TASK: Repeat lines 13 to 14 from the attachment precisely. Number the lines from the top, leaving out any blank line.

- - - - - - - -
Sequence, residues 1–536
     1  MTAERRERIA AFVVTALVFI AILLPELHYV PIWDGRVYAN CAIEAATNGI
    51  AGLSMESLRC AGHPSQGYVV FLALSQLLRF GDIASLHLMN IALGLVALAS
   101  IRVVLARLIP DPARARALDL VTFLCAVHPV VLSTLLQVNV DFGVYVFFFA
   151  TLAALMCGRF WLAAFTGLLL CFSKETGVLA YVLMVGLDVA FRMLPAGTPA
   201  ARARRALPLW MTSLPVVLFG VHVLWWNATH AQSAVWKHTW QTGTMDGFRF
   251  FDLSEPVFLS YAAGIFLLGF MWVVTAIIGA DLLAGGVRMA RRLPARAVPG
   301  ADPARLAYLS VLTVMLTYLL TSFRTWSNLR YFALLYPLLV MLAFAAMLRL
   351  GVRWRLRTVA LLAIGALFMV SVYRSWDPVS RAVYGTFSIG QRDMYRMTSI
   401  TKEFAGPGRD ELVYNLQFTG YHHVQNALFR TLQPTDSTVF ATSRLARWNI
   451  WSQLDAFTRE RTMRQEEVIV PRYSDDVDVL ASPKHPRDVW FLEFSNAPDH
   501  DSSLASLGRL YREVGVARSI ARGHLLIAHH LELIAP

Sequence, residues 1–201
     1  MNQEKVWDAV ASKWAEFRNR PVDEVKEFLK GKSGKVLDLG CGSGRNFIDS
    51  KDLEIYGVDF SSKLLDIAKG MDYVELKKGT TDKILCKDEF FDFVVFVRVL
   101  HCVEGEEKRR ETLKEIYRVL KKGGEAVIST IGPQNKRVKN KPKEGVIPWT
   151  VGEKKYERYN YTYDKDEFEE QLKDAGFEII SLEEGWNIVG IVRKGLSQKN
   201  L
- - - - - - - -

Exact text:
Sequence, residues 1–201
     1  MNQEKVWDAV ASKWAEFRNR PVDEVKEFLK GKSGKVLDLG CGSGRNFIDS